Beef cattle in coverall shelter
WCVM researchers are using video cameras to help establish a baseline for the “abnormal” behaviours iindicating respiratory disease. Supplied photo.

Cameras give ‘bird’s eye view’ of bovine respiratory disease

Precision technological advancements such as the use of cameras in livestock production could provide beef cattle feedlot employees a “bird’s eye view,” allowing them to monitor and flag any cattle showing signs of illnesses such as bovine respiratory disease.

By Kiah Simpson

Bovine respiratory disease (BRD), also known as shipping fever, is one of the most common and costly diseases that affect the North American beef cattle industry. Mainly affecting the lungs of cattle, BRD is highly prevalent during the first week or two after animals arrive at a feedlot.

Weaning and shipping — two of the high-stress events that happen before calves arrive at feedlots — can depress their immune systems and increase their chance of developing disease. However, an accurate and timely diagnosis of BRD can maximize the effectiveness of subsequent antibiotic treatments.

“Bacteria, viruses, environmental stressors, immune system status — all of these factors working together in various combinations can create a perfect storm for respiratory disease complex,” says Dr. John Campbell, a professor and beef cattle specialist at the Western College of Veterinary Medicine (WCVM).

Working with Drs. Diego Moya and Nathan Erickson from the WCVM’s Department of Large Animal Clinical Sciences, Campbell participated in a recent study aimed at evaluating the use of precision livestock farming technologies to develop accurate and objective definitions of cattle with BRD.

Using cameras placed above the pen of the subjects, the researchers observed any behavioural changes that occurred in the cattle following treatment for BRD. Since the cameras allowed for continuous video collection, team members completed analyzing all of the footage with the goal of identifying the specific behaviours indicative of recovery.

“[Behaviours] vary quite a bit,” Campbell explains. “All cattle are somewhat prey animals, so they are good at disguising when they feel sick. You’re looking for fairly subtle signs. [But] the current case definition is very vague: ‘They look sick and have a fever.’”

One of the research video cameras that's in place over beef cattle pens at the LFCE's Beef Cattle Research and Teaching Unit. Supplied photo.

By establishing a baseline for the “abnormal” behaviours that indicate respiratory disease, advanced livestock technologies could provide a more accurate means for monitoring the animals that would alert staff to the changes that occur before diagnosis and after treatment for BRD.

“Most feedlots have people who work there called pen checkers who go through the pens every day observing the cattle and try to identify those that they think might be sick — largely through visual observation and understanding what normal animal behaviour is,” explains Campbell. “But what is normal? What is abnormal? And what of those abnormal things predicts respiratory disease?”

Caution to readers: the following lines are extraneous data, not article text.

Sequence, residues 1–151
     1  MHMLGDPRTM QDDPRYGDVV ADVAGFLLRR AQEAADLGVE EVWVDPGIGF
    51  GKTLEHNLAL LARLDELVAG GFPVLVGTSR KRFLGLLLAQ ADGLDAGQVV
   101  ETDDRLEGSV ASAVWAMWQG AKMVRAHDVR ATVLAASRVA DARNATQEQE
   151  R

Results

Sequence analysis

The common observable clinical signs of BRD include nasal discharge, depression, reduced feed intake, separation from herd, changing respiratory rates and coughing. Since some of these behaviours last only a short time, they can be easily missed during routine pen checks.

“The difficulty with [current feedlot monitoring methods] is you need someone that is knowledgeable with animal behaviour. Those people are sometimes few and far between,” says Campbell. “The huge challenge with all of these [precision technologies] is you can invent a system to track behaviour, but you still have to come up with an algorithm for the behaviours that accurately predict respiratory disease.”

The "bird's eye view" alongside one of the research video cameras at the LFCE's Bovine Teaching and Research Unit near Clavet, Sask. Supplied photo.

Temperature-sensitive LED tags, accelerometers, pedometers and radio frequency identification (RFID) tags are a few examples of other precision livestock technologies that have been studied and are now used in commercial feedlot operations. These technologies also detect changes in behaviour, whether it be through the animals’ body temperature, the number of steps taken, or the time spent at the feed bunk.

“I think we will gradually see more and more as some of these systems get cheaper. We are seeing adaptations coming in industries such as dairy already, so it is probably just a matter of time [for the beef cattle sector],” says Campbell.

“At the end of the day, it does come down to cost though. You are still going to need people to go in and select the sick cattle and bring them out of the pen and treat them, so you cannot completely eliminate your labour costs.”

Merck Animal Health Canada provided funding for this research project.

Kiah Simpson of Theodore, Sask., is a fourth-year animal science student in the University of Saskatchewan’s College of Agriculture and Bioresources. Her story is part of a series of articles written by WCVM summer research students.